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  B.C. First Nations Studies 12: Course Information
 


B.C. First Nations Studies 12
(not currently offered)

This course will be offered for the first time at the Pearson Adult Learning Centre beginning in February, 2007. It will be especially of interest to students who have some knowledge of the issues around First Nations from Social Studies 10 and/or 11.

The course will concentrate on the issues surrounding First Nations in British Columbia.

Students will acquire knowledge about First Nations people and their traditional relationship with the land and natural world. They will examine traditional First Nations settlement patterns and concepts of land and resource ownership.

Students will also be provided with information about contemporary and traditional First Nations education and learning processes. Students will have the opportunity to analyze traditional resource use, exchange of ideas and practices among BC First Nations and other cultures.

Students will assess the impacts of contact and colonialism on BC First Nations people as well as examine the origins and history of the Métis people in western Canada.

Students will examine the impact of contact, religion, and colonialism on the social structures, economies, and education of BC First Nations. Students will have opportunities to investigate the resistance of First Nations people to colonialism, especially land encroachment.

Students will examine the functions and significance of the oral tradition with reference to the traditions of a specific First Nation. Students will also read and interpret literature written by Aboriginal authors. Opportunities will be provided to analyse, interpret, and evaluate portrayals of First Nations people and to explore the importance for First Nations people of controlling the development of their artistic traditions.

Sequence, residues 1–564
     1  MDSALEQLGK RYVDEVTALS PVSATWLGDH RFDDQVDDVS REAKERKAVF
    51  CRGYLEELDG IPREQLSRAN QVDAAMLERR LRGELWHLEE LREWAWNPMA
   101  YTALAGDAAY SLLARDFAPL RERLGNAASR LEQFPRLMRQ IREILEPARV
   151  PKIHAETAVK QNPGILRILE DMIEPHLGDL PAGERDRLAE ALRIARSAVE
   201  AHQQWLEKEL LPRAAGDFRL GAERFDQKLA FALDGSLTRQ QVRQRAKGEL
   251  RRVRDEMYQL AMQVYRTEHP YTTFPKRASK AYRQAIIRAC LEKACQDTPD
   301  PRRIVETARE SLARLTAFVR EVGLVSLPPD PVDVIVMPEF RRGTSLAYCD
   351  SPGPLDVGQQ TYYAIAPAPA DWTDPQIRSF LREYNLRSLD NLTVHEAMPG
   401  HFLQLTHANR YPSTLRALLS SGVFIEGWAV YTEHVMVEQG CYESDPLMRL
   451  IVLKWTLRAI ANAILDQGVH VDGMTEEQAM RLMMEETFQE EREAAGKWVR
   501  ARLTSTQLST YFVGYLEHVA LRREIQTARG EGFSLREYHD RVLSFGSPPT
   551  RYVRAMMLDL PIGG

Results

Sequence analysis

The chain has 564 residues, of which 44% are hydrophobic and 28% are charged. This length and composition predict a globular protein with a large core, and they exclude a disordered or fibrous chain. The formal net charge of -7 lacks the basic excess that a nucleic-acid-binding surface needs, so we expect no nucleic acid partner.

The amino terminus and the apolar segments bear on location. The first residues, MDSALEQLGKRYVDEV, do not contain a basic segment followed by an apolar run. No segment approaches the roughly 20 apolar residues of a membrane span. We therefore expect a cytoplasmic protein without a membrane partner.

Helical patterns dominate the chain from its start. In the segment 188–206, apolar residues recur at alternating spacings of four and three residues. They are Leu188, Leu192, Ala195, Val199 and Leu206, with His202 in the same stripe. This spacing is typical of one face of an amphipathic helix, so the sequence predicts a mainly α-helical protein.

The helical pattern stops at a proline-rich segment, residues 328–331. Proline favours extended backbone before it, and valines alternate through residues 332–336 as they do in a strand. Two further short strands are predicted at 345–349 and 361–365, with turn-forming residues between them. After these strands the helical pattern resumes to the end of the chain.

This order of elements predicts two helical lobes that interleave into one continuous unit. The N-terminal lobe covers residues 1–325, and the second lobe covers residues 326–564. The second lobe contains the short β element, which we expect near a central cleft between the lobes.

Students will explore the cultural significance of various artistic expressions (e.g., weaving, carving, painting, dance, song). Students will be asked to explain the importance for First Nations people to determine the use of their traditions and of historical artifacts. They will examine and interpret various works of aboriginal art.

Students will explain the significance of terms related to the discussion of aboriginal identity and self-determination. Students will identify and analyse some contemporary legislation, policies, and events affecting the self-determination of Aboriginal people. Finally, students will demonstrate an understanding of contemporary negotiations and agreements pertaining to Aboriginal self-determination.

It will be an interesting course as many of the issues that will be explored are being actively discussed in the news and will affect British Columbia and Canada’s future.

 

 

 

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